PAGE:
The Royal Ballet's Women

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Video - Panta Rei Danseteater 'Lullaby'

Norwegian dance company Panta Rei Danseteater, late last year, conducted a little experiment whereby three dance makers created two pieces with the same name based on the same idea, featuring three male dancers and two musicians, to see what the outcome was.

June 2nd, 2016

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Classical ballet companies have never been known for their willingness to allow women into the upper echelons of the creative process and The Royal Ballet, in London, is no exception.

Even by their standards however the recently premiered production of 'Metamorphosis: Titian 2012', created in collaboration with the National Gallery, has raised more eyebrows than usual. Of the 15 lead artists involved with the project not one of them is female.

The artists commissioned by Monica Mason, AD of the Royal Ballet, and Dr Minna Moore Ede from the National Gallery are;

Wayne McGregor, Liam Scarlett, Christopher Wheeldon, Mark-Anthony Turnage, Kim Brandstrup, Conrad Shawcross, Nico Muhly, Will Tuckett, Jonathan Watkins, Chris Ofili, Jonathan Dove, Alasdair Middleton, Alastair Marriott and Mark Wallinger


When we asked the Royal Ballet's press office to explain the paucity of oestrogen in the creative mix for 'Titian' they actually thanked us for raising the subject of commissioning female artists because apparently the company has "been talking about [the issue] for a while."

Great, we responded, so what have you done about it then?

" the Royal Ballet we've got Wayne McGregor who's our resident choreographer, [he] has a kind of a programme whereby he encourages dancers in the company to become, to choreograph new work every season. We have a programme in our Lindbury Studio Theatre where the dancers create new work and people can buy tickets to see it and of those, I would say, two thirds are women within the company creating new work."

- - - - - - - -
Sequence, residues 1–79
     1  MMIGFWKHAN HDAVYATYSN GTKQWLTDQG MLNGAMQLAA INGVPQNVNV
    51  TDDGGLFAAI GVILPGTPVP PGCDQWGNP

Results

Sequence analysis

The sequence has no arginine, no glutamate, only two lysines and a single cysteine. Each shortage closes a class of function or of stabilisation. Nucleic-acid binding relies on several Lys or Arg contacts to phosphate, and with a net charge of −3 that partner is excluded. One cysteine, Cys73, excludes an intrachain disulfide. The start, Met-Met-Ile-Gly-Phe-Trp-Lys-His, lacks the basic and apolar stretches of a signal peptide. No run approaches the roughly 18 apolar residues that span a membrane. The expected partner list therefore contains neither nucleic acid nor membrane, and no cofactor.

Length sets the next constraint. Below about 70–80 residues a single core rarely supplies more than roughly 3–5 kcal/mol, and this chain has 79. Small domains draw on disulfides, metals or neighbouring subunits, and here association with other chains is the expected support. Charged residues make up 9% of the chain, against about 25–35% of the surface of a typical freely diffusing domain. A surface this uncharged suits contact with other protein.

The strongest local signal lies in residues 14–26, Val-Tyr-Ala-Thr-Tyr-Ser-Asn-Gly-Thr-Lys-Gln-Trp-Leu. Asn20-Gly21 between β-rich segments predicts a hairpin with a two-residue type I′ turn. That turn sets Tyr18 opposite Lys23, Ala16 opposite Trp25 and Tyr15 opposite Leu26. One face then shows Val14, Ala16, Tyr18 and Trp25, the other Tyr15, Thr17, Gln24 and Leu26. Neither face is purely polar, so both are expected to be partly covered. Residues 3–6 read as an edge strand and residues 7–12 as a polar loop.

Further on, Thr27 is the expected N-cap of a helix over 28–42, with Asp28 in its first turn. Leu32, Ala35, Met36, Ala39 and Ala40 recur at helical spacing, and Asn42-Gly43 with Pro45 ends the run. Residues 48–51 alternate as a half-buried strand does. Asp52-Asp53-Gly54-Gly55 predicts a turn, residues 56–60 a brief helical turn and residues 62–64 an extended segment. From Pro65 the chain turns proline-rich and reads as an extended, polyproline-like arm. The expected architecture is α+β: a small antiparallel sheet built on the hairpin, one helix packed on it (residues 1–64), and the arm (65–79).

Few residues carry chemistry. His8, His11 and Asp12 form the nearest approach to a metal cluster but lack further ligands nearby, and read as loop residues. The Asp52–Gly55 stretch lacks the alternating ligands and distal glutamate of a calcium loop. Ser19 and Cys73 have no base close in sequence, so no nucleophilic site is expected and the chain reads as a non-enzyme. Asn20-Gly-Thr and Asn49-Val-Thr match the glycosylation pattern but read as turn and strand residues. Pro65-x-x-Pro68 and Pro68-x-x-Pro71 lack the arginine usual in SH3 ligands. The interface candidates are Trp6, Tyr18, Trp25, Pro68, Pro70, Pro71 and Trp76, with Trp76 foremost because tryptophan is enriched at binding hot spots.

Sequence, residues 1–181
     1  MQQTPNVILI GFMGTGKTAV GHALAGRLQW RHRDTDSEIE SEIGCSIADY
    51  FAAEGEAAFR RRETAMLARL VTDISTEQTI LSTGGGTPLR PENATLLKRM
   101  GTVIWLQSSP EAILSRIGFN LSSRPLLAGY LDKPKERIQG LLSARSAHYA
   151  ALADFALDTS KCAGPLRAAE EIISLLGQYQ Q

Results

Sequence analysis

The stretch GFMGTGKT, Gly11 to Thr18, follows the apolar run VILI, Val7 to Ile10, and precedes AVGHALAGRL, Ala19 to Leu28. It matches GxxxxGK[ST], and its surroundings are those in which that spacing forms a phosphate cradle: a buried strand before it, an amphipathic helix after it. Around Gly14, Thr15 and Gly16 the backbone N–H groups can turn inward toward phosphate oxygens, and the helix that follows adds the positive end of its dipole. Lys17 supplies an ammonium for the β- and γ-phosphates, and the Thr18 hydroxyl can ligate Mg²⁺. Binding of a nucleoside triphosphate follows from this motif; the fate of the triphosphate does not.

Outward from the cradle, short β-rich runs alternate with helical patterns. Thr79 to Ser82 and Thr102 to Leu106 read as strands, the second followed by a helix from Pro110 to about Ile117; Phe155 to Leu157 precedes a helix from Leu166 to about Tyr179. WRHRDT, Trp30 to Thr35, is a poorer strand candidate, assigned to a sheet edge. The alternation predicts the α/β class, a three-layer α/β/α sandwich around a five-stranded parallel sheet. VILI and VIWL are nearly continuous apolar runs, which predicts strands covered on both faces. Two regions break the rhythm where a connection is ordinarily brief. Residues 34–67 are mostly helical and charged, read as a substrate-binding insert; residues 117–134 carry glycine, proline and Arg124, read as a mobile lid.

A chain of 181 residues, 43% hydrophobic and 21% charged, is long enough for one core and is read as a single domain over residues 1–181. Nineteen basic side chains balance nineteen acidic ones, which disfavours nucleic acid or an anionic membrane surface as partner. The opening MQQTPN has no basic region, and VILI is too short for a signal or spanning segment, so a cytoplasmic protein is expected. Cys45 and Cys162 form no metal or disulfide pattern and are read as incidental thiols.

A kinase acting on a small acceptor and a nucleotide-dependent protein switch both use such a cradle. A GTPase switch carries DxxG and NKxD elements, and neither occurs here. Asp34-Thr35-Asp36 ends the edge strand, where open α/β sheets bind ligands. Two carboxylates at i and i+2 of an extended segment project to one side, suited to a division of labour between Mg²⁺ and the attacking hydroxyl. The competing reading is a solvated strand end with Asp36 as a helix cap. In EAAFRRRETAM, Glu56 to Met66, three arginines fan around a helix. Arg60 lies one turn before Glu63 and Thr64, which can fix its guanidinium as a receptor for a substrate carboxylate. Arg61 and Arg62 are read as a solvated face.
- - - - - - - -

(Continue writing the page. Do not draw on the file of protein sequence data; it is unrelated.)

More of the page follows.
The problem with that response though is that we are not talking about the studio theatre shows, we're talking about the Royal Ballet's main stage at the Royal Opera House. Also, this programme does not appear to have made it possible for women to progress from the Lindbury Theatre to the main stage.

When asked why this was the case to Royal Ballet press office had no answer.

Article19 asked how many female dance makers had produced work for the Royal Ballet, on the main stage, in the last 12 months. The press officer claimed to be unable to recall the exact number off the "top of [their] head." A curious response given that the number the press officer was trying to recall was zero.

Additionally, the press office tried to claim that any suggestion that sexism or discrimination was at play was somewhat ridiculous because the two people in charge of commissioning all the artists are women themselves.

In the history of mankind, just as men have never been prejudiced against men, women have never been prejudiced against other women. Right?

Schoolyard rationales not withstanding the company eventually issued a comment from Ms Mason herself;

"I have not commissioned any female choreographers to make work for The Royal Ballet during my tenure as Director because, quite simply, I have not come across one that I felt was suitable. Choreography is not a gender issue - it is an issue of talent."

So there you have it dear readers. Despite some 54 years experience in the wide world of classical ballet Ms Mason has been unable find one single female choreographer anywhere on planet earth who can rise above or even match the creative skill-set of McGregor, Tuckett, Wheeldon and Co.

It is perhaps a remarkable coincidence that given the ratio of women to men working in dance that the vast majority of the "talented" ones when it comes to actually creating work are, according to Ms Mason, all men.

Wayne McGregor, the Royal Ballet's resident choreographer, declined to comment on the commissioning practices and history of the Royal Ballet and Ms Mason.